Note the two unidentified members of staff at the far end of the
room, perhaps waiting to serve lunch.
Continental Holiday - Locarno - Aug. 1927.
"An interesting feature of the School management is the organisation
of inexpensive School Holidays abroad, and by this means large
parties of the pupils and their parents, accompanied by the Principal
and Warden, have been taken in recent years to France, Belgium,
Holland, Switzerland and Italy. The pupils who wish to do so
secure camping equipment, take these with them to a carefully
selected site, and have a glorious time living in the open air,
visiting the neighbouring villages, shopping and conversing with
the people in the language of the country. These journeys give
the pupils a savoir faire and travel experience, an added
interest in languages, and self-reliance, all of which is immensely
beneficial and broadening. One year a party of about thirty
or forty pupils and parents visited Locarno on the Swiss-Italian
Lake Maggiore, where a charming camp holiday was spent, including
visits to the picturesque markets, bathing in the lake, interesting
excursions to the many beautiful places on the lakes - Como,
Lugano, Palanza, Isola-bella and Milan".
Margaret Morris Dancing [Photo: Fred Daniels].
Dancing was taught by "a fully qualified resident Instructress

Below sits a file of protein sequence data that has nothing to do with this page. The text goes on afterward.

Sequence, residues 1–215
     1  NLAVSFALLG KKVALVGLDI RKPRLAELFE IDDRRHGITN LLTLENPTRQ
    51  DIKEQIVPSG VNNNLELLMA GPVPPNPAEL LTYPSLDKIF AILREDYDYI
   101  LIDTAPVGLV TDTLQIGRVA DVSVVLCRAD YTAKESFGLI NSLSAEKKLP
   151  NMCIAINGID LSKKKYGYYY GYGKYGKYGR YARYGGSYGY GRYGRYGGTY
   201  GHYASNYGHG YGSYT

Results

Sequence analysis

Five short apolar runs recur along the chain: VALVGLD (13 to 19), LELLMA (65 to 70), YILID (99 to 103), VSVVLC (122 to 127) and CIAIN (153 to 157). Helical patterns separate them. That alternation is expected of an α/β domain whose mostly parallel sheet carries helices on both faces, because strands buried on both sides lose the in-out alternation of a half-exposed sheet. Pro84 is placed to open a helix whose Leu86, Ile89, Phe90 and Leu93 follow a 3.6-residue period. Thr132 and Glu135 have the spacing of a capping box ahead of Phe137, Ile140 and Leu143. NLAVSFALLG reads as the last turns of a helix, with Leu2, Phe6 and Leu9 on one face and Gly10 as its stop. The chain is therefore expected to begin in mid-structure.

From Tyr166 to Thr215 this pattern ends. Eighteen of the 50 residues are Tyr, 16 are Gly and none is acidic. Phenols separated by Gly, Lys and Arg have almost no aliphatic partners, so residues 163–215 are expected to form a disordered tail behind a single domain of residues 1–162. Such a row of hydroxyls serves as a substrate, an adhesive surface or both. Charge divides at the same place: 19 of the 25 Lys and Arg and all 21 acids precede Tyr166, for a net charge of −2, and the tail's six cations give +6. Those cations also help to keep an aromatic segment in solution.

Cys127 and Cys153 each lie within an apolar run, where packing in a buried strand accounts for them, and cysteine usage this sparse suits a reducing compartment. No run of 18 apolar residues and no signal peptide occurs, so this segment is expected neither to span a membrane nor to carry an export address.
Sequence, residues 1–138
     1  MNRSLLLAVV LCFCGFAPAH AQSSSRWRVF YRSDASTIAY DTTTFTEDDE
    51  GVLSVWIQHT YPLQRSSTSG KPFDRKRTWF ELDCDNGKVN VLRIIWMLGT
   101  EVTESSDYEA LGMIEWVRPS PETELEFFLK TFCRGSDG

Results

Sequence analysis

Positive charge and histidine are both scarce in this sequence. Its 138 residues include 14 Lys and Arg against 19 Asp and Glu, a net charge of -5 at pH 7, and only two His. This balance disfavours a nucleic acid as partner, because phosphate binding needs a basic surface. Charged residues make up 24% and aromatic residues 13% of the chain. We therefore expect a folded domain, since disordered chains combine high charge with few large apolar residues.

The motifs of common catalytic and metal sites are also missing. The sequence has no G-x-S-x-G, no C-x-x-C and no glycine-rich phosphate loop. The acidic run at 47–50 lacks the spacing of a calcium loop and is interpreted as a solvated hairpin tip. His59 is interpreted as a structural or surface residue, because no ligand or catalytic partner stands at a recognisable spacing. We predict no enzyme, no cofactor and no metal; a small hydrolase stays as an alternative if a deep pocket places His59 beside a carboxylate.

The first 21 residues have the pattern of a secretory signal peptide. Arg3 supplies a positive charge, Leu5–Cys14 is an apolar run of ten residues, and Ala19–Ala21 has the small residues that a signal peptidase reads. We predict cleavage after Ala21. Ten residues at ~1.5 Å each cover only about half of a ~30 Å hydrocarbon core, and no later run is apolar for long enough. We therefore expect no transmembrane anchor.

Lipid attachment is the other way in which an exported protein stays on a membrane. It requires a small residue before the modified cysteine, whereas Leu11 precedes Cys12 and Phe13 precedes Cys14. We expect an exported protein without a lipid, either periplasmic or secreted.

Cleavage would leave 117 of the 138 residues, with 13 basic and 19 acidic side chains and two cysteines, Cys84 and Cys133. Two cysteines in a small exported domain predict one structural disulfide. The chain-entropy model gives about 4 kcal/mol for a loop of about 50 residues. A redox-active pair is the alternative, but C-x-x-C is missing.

from the Margaret Morris Studios in London. ... Over 200 exercises
are carefully graded from the simplest to the most complex,
all with their appropriate music ... The exercises are carefully
graded and chosen to suit the individual, so that faults of
posture, etc., may be overcome. At the same time the exercises
are interesting to perform because they are all compositions
in movement, developing a natural grace through muscular control
An Outdoor Play.
"The ethical value and educational service of plays, and especially
of original productions among young people, have always been
recognised and practised at the School. Some original Plays, including
Mumming Plays, exceeding clever in construction and dialogue, and
effective in inculcating some ethical truth, have been written
by members of the staff, and produced and acted by pupils to large
audiences, usually in the grounds of the school".
Some of the staff.
"Full recognition is given to the importance in these days
of meeting the requirements of modern conditions in the attainment
of a high standard of education, and academic success. Members
of the staff hold honours degrees".
Mrs. Law believed in the same principles as Margaret McMillan
(1860-1931) and such a warm recommendation must have pleased the
The words FRIEND TO ALL CHILDREN are inscribed
on Margaret McMillan's gravestone
In the first week of September 1932 Sir W Arbuthnot Lane attended
the first Summer School of the New Health Society, held
at Matlock Modern School. He praised the school's methods and equipment
and thought the school "a fine example to others in its ways
and methods ... In this school they are trying to make healthy
girls who will make fine young women." He is third from the
right in the above photo. Mrs. Bertha Law is on the far right and
presumably her husband, Albert is standing between the two. Also
in the picture is the then Marchioness of Hartington who presided
over the event. The prospectus was written not long afterwards.